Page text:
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3rd February
written by naehblog

Today’s post comes from André C. Wade, program and policy analyst at the Alliance.

As many of you may have seen last week, 20/20 recently aired a segment on homeless youth.

This important episode looked into the lives of four teenagers:
- George, who was “thrown away” by his mother,
- Rebecca who “couch surfed,”
- June, a transgender male to female youth who ran away from a home where she didn’t feel safe with her brothers,
- and Dakota, who “doubled up” with a friend before she became emancipated from her biological mother and obtained housing on her own.

Unfortunately, these stories are all too real.

Most children who experience homelessness return home and require family preservation services, but some youth do not return home; instead they seek shelter and are often placed into transitional living programs. Still other youth remain on the street and are continuously at risk of being exploited (research has shown that youth experiencing homelessness are at higher risk of experiencing violence, abuse, and exploitation than their adult counterparts.) A small number of youth, like Dakota, are able to obtain stable housing through the help of federal, state and or local housing subsidy programs.

Youth homelessness is a nationally overlooked phenomenon that affects too many of our country’s young people. And as a result, many communities face a dearth of information and services targeted at young people.

This year, the Alliance is committed to increasing awareness about this critical problem and finding effective, efficient ways to better serve the young people in our nation facing homelessness. You can count on us to look into the federal programs available for youth, including the Runaway and Homeless Youth Act (RHYA) programs, the Homelessness Prevention and Rapid Re-Housing Program (HPRP), and the Family Unification Program (FUP). And we’ll look at local programs too, to see if there aren’t innovative new ways to serve homeless youth germinating from the ground up.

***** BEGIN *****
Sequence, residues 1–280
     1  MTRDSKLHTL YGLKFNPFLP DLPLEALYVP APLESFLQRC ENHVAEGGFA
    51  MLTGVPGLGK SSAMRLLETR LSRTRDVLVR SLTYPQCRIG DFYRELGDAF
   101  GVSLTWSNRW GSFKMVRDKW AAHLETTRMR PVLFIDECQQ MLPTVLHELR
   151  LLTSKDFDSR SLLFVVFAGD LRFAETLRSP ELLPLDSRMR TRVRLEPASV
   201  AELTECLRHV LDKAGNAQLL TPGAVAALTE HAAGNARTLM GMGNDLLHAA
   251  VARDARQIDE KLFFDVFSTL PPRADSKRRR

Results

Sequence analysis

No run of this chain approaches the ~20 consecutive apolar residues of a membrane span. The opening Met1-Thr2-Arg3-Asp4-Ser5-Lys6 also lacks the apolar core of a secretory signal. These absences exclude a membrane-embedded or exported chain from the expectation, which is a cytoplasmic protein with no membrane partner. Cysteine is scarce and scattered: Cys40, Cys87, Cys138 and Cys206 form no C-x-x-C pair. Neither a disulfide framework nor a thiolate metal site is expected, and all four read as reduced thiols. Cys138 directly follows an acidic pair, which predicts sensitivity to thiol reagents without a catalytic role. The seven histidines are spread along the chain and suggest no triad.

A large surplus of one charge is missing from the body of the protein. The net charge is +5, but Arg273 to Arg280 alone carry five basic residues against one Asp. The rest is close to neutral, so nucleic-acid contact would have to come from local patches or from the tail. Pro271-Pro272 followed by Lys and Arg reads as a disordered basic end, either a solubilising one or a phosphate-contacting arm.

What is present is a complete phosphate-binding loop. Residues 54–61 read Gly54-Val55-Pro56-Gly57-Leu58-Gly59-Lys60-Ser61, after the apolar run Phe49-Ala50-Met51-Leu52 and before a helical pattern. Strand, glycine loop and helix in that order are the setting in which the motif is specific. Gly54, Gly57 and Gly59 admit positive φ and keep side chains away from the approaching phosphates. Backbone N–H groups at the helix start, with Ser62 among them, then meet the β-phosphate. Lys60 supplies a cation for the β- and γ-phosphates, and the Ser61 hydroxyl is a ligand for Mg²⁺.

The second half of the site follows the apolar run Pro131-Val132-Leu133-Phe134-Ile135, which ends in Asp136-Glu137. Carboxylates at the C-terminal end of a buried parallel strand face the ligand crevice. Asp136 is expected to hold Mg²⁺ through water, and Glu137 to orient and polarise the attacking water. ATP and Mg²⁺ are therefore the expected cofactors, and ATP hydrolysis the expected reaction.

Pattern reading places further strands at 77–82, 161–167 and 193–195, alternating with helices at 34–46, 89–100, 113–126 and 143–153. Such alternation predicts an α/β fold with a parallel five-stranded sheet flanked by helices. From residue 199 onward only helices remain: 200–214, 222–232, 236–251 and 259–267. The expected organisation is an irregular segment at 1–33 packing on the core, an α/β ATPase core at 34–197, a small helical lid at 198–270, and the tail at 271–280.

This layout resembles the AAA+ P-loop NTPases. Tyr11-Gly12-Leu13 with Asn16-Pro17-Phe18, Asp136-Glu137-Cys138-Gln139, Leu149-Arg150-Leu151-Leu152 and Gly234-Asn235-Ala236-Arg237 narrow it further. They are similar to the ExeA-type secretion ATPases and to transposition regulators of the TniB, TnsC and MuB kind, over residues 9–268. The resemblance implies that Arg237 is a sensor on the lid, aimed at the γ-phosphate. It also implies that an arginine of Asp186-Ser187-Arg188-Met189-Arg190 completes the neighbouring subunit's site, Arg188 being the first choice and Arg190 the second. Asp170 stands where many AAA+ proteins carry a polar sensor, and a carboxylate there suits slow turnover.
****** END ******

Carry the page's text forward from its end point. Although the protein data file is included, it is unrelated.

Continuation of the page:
But in the meantime, we’re counting on you to be additional sets of eyes and ears. If you know of programs serving homeless youth – in your community or a ways away – please let us know! We’re eager to coordinate and collaborate with the local and national leaders in the field to prevent and end youth homelessness and ensure that all young people have a safe place to call home.


  1. 04/02/2011

    The United Church Home just opening a transitional independent living program for youth 16-20 in Western New York. 42% of youth in Buffalo are living below the poverty level and 110 youth in Erie County schools in grades 10-12 are registered as homeless.In addition to shelter, food and clothing, the Plymouth Crossroads transitional program offers support for education, job training and placement and life skills at no cost to the youth. Our goal is to empower youth to develop independant, healthy paths to their future by offering them the tools they need to be self-supportive and avoid chronic homelessness. On Facebook at Plymouth Crossroads

  2. 07/02/2011

    The California Homeless Youth Project recently did a point-in-time survey of programs providing services and supports to unaccompanied homeless youth between the ages of 12 and 24. The summary, as well as an inventory of services by county and by legislative district, is available on our website at

  3. Westdude

    One of the most terrifying and difficult things to believe is the way U.S. spends rivers and rivers of money with unnecessary wars and related subjects, while ignoring the challenging civil-war that should be fought domestically in order to exterminate that shameful enemy that blemishes any modern society. That enemy is HOMELESSENESS, and there is only one powerful god that — properly harnessed and directed to a propoesful use — will be able to eliminate such enemy: that god is MONEY.